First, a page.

Collection Online

Portrait of a white-haired man
1667

Medium
oil on canvas
Measurements
108.9 × 92.7 cm
Inscription
inscribed in brown paint u.c.: Rembrandt f. / 1667
Accession Number
2372-4
Department
International Painting
Credit Line
National Gallery of Victoria, Melbourne
Felton Bequest, 1951
This digital record has been made available on NGV Collection Online through the generous support of Digitisation Champion Ms Carol Grigor through Metal Manufactures Limited
Gallery location
Rembrandt Cabinet
Level 2, NGV International
About

After Rembrandt moved to Amsterdam in late 1631, portraits, both of individuals and of groups, became his financial mainstay. Portraiture represents almost two-thirds of his entire oeuvre. The sitter’s right hand is cropped, a detail that has given rise to speculation that the canvas has been cut. Technical evidence, however, indicates that this has not been the case and that the composition is exactly as Rembrandt intended it to be. This painting is an outstanding example of Rembrandt’s late style and is the second last portrait he made, only two years before his death.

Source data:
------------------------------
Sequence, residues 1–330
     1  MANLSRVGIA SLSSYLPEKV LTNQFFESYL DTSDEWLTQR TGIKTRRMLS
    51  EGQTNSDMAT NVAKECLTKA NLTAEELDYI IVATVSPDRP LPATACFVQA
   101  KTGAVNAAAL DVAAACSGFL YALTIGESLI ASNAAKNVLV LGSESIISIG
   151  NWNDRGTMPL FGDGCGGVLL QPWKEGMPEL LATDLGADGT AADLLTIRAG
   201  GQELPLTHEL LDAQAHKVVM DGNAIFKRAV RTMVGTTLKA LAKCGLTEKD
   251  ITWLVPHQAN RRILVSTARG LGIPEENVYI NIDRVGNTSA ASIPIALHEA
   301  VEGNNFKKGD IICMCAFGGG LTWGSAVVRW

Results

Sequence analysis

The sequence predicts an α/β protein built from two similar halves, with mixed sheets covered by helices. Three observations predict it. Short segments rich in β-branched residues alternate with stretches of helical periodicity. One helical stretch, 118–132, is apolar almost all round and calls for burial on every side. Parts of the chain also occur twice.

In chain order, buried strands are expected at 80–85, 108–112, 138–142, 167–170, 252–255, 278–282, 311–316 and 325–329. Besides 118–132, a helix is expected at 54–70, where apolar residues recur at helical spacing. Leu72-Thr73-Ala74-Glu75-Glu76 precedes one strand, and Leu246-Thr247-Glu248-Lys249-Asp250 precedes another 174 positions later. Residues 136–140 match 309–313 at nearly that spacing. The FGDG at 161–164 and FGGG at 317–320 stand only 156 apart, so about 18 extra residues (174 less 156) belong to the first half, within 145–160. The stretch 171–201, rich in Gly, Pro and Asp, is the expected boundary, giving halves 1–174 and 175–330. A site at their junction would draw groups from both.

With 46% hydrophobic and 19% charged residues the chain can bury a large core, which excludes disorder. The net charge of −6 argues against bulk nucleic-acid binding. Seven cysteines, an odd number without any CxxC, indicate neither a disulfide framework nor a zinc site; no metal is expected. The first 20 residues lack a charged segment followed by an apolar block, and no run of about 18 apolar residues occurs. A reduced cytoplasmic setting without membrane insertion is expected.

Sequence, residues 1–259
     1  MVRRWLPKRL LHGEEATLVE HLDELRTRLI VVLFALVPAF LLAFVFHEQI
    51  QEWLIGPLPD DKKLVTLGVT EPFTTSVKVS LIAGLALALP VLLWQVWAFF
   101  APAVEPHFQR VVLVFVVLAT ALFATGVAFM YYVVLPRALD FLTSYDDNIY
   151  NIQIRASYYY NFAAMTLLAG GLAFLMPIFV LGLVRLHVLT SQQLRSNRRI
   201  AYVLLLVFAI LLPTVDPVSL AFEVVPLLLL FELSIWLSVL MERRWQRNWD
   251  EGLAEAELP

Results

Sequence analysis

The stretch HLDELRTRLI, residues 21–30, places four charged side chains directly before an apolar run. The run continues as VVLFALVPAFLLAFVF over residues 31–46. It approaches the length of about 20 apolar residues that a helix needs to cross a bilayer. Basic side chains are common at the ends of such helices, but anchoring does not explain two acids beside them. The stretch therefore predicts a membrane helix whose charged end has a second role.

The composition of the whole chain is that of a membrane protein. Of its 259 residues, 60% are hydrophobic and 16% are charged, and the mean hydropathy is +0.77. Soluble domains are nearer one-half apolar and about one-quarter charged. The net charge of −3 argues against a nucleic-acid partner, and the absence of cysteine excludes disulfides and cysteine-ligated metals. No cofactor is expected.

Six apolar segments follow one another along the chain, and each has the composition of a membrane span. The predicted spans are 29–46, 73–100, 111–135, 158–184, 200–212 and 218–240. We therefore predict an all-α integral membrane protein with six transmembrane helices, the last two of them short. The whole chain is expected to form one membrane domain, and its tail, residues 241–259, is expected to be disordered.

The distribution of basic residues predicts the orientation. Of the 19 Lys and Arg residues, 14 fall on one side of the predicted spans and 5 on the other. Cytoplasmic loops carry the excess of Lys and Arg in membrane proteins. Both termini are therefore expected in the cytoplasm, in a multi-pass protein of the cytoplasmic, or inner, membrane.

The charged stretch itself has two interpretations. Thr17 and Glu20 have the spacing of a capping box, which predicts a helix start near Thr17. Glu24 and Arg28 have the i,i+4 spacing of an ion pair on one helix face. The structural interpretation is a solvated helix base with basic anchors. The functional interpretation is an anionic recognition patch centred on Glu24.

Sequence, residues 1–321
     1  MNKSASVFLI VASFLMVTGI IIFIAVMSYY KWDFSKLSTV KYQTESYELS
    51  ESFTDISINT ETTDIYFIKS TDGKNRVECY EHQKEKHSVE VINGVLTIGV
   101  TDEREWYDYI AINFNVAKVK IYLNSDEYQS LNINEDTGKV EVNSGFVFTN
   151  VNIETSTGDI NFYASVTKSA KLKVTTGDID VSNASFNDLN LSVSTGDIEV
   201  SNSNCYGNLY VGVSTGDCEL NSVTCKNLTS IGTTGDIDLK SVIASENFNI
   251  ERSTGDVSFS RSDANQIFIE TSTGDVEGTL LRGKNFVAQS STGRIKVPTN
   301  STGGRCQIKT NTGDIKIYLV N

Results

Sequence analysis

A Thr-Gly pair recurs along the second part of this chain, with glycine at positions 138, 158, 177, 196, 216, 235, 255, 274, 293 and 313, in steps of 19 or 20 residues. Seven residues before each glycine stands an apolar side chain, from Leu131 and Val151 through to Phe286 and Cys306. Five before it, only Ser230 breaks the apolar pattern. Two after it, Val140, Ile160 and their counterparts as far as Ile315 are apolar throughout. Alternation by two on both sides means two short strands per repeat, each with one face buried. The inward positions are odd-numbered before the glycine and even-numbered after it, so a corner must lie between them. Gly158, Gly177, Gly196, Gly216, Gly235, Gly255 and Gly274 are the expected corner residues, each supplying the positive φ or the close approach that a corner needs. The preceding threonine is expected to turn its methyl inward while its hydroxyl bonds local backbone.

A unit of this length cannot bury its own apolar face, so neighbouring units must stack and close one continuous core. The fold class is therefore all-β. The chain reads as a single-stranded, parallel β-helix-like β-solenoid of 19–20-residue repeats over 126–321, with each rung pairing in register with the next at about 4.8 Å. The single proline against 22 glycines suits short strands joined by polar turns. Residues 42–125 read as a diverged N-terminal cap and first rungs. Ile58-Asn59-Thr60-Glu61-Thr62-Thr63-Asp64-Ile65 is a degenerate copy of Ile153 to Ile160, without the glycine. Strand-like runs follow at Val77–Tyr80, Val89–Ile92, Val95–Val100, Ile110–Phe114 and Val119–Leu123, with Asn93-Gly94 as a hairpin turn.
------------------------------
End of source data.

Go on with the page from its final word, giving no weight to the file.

Frame: Reproduction, 1997, based on a Dutch frame from 1665

Frame

REMBRANDT Harmensz. van Rijn
Portrait of a white-haired man 1667
Framemaker
Reproduction - commissioned by the NGV
Date
1997
Materials

Ebonised fruit wood.

REMBRANDT Harmensz. van Rijn
Portrait of a white-haired man 1667 REMBRANDT Harmensz. van Rijn
Portrait of a white-haired man 1667
About

Three frames have been used for Rembrandt Portrait of a white haired man, 1667.
The painting was acquired in 1951 with a nineteenth century gilded, empire style frame (identified in storage in the 1990s). (above right)
In 1954, then Director, Daryl Lindsay had a frame made in London by Frederick Pollak, using a form that made reference to Dutch frames. (above left)
With new reference material, a re-framing of Portrait of a white haired man was proposed in 1996 and the frame ordered in 1997.
The frame was made in London.
The prototype for this frame is from 1665, two years earlier than the painting.